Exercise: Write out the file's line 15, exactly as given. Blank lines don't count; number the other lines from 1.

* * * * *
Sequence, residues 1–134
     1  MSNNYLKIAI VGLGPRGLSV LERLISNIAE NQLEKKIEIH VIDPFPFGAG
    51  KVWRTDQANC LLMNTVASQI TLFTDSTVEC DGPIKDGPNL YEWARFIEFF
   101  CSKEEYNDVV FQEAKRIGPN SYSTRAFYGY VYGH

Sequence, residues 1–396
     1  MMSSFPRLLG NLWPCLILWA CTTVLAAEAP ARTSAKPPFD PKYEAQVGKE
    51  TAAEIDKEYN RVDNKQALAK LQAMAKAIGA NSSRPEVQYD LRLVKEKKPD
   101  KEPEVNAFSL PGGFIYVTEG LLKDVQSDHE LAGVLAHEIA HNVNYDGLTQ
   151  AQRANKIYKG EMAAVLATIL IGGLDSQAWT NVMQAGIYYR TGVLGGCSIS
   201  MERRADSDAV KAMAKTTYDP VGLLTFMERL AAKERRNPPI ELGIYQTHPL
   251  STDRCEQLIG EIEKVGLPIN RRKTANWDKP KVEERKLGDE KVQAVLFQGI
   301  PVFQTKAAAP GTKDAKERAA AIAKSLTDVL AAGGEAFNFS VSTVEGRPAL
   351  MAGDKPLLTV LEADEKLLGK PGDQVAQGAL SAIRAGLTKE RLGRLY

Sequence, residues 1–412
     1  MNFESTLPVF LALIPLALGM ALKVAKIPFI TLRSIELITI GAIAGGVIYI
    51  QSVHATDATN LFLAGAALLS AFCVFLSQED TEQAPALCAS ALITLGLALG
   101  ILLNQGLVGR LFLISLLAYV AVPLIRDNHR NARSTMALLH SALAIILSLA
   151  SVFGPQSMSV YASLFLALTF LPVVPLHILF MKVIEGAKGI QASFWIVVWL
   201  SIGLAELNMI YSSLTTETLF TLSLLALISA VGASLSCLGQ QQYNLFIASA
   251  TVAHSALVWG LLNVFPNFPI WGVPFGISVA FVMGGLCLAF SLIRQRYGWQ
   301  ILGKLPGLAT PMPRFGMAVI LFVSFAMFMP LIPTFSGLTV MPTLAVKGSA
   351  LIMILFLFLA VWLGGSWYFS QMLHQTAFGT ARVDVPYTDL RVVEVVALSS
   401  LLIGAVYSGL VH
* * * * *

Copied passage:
     1  MNFESTLPVF LALIPLALGM ALKVAKIPFI TLRSIELITI GAIAGGVIYI